Salford City Council will buy 18 electric bikes able to carry cargo, and three trailers that will hit the roads next year.
The news comes after a successful £132,000 funding bid to the Energy Saving Trust.
18 electric bikes that can carry cargo and three separate trailers that can be attached to electric or ordinary bikes are being bought with the funds.
City Mayor, Paul Dennett, said: “We’ve seen a huge increase in cycling during the pandemic and we’re all familiar with take away and courier cyclists whizzing around the city.
“E cargo bikes allow larger deliveries to be made safely and easily and are a brilliant idea because they have little impact on the environment and help keep the cyclist fit.
“Our bike library will allow local businesses to try out different models of bike to find one to suit their needs and the more vans and cars we can replace with them the better for easing congestion and helping to tackle climate change.”
Eight of the Salford electric bikes are being divided out among local businesses, with two bikes going to Salford Royal Hospital, and RHS Garden Bridgewater, and one bike will also go to the University of Salford.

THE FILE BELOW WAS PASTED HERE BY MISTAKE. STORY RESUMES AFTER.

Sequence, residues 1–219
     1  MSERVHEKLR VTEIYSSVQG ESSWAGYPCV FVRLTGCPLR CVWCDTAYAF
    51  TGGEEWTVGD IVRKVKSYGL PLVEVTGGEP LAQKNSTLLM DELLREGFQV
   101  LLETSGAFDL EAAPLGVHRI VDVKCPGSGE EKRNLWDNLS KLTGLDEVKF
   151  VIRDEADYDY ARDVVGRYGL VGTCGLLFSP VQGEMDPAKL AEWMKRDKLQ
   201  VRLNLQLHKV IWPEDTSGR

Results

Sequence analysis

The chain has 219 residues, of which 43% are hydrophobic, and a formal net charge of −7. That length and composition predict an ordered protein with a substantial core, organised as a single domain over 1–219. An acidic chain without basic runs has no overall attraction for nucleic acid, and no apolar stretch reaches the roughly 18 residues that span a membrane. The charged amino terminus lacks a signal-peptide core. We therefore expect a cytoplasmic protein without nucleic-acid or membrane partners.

Salford Royal Hospital will also receive one trailer for their use.
To encourage green deliveries, 10 bikes and two trailers will be available to rent from local bike hire shop Manchester Bike Hire, who will manage the rental scheme.
The University of Salford will be collecting and analysing data about the use of the vehicles over the three-year scheme.
Community projects Visit From the Stork who deliver recycled toys to families in need, wholefood shop and café The Deli Lama, and photographer Simon Buckley who was the inspiration behind the Not Quite Light Festival, will receive one electric bike each as a donation.
According to the founder of Visit From The Stork, Kimberly Bond, the social enterprise that supports families in Greater Manchester had planned to launch ‘That Toy Thing’ before the pandemic.
For £5 a month people can buy a subscription and receive £20 worth of toys, which ensures ‘abandoned’ toys are being re-used.
Kimberly Bond said: “We are excited about using our new e-cargo bike and our funding from the National lottery. Having the bike means we will be able to collect donations of good quality toys and ensure they go to homes that need them to help children develop and thrive.”
Local photographer Simon Buckley has expressed his excitement as this new opportunity.
He said: “I’m really quite excited to be part of this trial scheme, using electric cargo bikes. Often to take my dawn photographs I have to travel to strange parts of the city, where public transport doesn’t go meaning a car, given the equipment I have to carry, is my only option.
“To have a cargo bike now means I can do my work car free, and that is great as I really believe in us using the car less, helping achieve our aim of reducing carbon and other pollution.”